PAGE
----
Søren Aabye Kierkegaard (May 5, 1813 – November 11, 1855) was a Danish philosopher, theologian, poet, social critic and religious author.
He is widely considered to be the first existentialist philosopher. He wrote critical texts on organized religion, Christendom, morality, ethics, psychology and the philosophy of religion, displaying a fondness for metaphor, irony and parables. Much of his philosophical work deals with the issues of how one lives as a “single individual”, giving priority to concrete human reality over abstract thinking and highlighting the importance of personal choice and commitment. He was a fierce critic of idealist intellectuals and philosophers of his time, such as Swedenborg, Hegel, Goethe, Fichte, Schelling, Schlegel and Hans Christian Andersen.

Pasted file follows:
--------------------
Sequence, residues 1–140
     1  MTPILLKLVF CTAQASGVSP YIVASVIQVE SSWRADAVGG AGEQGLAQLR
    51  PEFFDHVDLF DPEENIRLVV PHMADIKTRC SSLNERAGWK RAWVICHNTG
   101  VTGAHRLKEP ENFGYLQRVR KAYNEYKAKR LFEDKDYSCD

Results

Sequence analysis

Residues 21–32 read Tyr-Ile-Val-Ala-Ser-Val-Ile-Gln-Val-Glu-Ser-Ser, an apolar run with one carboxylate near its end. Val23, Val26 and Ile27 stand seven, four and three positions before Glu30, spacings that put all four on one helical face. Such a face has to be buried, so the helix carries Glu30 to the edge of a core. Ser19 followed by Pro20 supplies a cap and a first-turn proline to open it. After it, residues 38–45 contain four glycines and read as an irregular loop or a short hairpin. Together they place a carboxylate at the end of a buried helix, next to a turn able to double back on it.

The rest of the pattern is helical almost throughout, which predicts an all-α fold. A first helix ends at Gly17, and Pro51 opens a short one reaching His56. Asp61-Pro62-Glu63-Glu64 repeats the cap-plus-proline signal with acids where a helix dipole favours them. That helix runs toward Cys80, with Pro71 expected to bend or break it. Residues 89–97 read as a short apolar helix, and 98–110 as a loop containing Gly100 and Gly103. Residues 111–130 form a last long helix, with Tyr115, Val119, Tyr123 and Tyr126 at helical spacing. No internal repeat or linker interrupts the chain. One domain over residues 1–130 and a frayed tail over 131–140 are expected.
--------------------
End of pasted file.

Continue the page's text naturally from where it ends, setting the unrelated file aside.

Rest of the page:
Kierkegaard’s theological work focuses on Christian ethics, the institution of the Church, the differences between purely objective proofs of Christianity, the infinite qualitative distinction between man and God, and the individual’s subjective relationship to the God-Man Jesus the Christ, which came through faith. Much of his work deals with the art of Christian love. He was extremely critical of the practice of Christianity as a state religion, primarily that of the Church of Denmark. His psychological work explored the emotions and feelings of individuals when faced with life choices.